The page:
Silver’s thesis is basic, and unsurprising: “Exodus” is a national liberation story, a Wild West saga, replete with good guys and bad guys, in large measure Uris’s own quintessentially American “liberation” story. At bottom “Exodus” is about Jewish empowerment in a Jewish world that was yet emerging from the ashes of its destruction in Europe, and in America from high levels of anti-Semitism and discrimination. “Exodus,” by validating Jewish peoplehood, validated Jews everywhere; more important, it popularized Jewish empowerment.

What is revelatory in Silver’s compelling book is that “Exodus,” written in the mid-1950s when Israel was not at the forefront of the agenda of America’s Jews, made moral and historical connections — flawed connections, to be sure — between a history of Jewish suffering and the creation of Israel, an Israel that would be peopled by the new, heroic, Jew. To take but one example, “Exodus” was one of the first to replay the Holocaust, inaccurate though Uris’s Holocaust narrative is. “’Exodus,’” claims M. M. Silver, “created its own genre.”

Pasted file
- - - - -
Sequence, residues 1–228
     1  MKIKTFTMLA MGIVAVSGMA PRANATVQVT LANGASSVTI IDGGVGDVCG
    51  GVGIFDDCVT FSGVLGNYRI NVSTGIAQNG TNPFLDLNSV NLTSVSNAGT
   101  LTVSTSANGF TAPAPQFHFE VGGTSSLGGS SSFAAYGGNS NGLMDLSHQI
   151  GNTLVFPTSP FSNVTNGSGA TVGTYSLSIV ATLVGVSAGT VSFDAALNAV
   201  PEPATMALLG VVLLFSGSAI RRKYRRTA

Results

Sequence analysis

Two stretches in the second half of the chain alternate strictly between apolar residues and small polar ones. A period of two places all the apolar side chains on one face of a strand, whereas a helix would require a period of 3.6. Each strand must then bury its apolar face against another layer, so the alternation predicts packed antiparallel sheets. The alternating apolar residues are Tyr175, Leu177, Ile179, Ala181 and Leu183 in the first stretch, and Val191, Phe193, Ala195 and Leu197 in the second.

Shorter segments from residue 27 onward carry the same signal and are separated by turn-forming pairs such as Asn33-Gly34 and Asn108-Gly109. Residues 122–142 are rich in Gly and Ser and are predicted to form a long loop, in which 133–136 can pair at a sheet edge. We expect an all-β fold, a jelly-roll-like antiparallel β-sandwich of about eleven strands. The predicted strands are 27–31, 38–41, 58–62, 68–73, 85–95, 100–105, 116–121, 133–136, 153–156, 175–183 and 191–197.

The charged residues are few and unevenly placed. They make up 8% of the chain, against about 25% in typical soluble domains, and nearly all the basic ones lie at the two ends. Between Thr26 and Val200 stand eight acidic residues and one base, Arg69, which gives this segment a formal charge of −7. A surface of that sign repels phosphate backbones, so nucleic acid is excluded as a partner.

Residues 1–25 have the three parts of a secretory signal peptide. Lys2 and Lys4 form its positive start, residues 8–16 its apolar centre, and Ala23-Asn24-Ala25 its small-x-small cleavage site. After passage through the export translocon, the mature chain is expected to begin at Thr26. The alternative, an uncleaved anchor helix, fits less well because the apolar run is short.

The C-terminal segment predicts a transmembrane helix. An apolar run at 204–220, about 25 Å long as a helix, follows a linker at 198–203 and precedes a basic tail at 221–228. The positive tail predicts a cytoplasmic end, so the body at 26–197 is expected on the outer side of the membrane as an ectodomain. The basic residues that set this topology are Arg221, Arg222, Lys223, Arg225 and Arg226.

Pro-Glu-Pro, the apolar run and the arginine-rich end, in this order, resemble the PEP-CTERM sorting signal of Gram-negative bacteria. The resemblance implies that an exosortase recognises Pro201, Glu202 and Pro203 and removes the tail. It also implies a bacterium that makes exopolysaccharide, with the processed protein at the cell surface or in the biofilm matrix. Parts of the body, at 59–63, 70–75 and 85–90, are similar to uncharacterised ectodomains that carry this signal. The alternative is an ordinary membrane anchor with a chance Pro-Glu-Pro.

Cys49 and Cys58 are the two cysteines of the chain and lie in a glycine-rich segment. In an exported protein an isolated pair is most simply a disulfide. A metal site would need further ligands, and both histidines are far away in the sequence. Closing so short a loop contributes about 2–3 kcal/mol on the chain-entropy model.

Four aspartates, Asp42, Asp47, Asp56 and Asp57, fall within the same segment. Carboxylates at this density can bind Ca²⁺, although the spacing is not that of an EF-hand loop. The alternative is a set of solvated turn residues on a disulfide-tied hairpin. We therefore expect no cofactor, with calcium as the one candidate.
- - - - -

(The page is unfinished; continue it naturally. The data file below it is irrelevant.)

“Exodus” did not come out of nowhere; there were other novels — even some good ones — that came out of the experience of the birth of Israel. Ruth Gruber’s hopelessly schmaltzy but nonetheless compelling “Raquela” was a best seller; Fred Lawrence’s “Israel,” a family saga à la “Tai-Pan,” which made an effort (missing in “Exodus”) to be historically accurate; Zelda Popkin’s excellent “Quiet Street,” which uses the siege of Jerusalem as a vehicle for telling the story of the 1948 war. But it was “Exodus” that, with perfect pitch, played the music that resonated in the 1950s to America’s Jews’ own narrative.

That the novel “Exodus” (the film, in terms of content a mere side-show, is given far too much ink by Silver) was a collection of misrepresentations, half-truths and outright inaccuracies about the history of the Yishuv and the creation of the state is by now commonplace knowledge. Jews of the Yishuv are stereotyped heroes — nay, supermen — and Arabs are one-dimensional villains.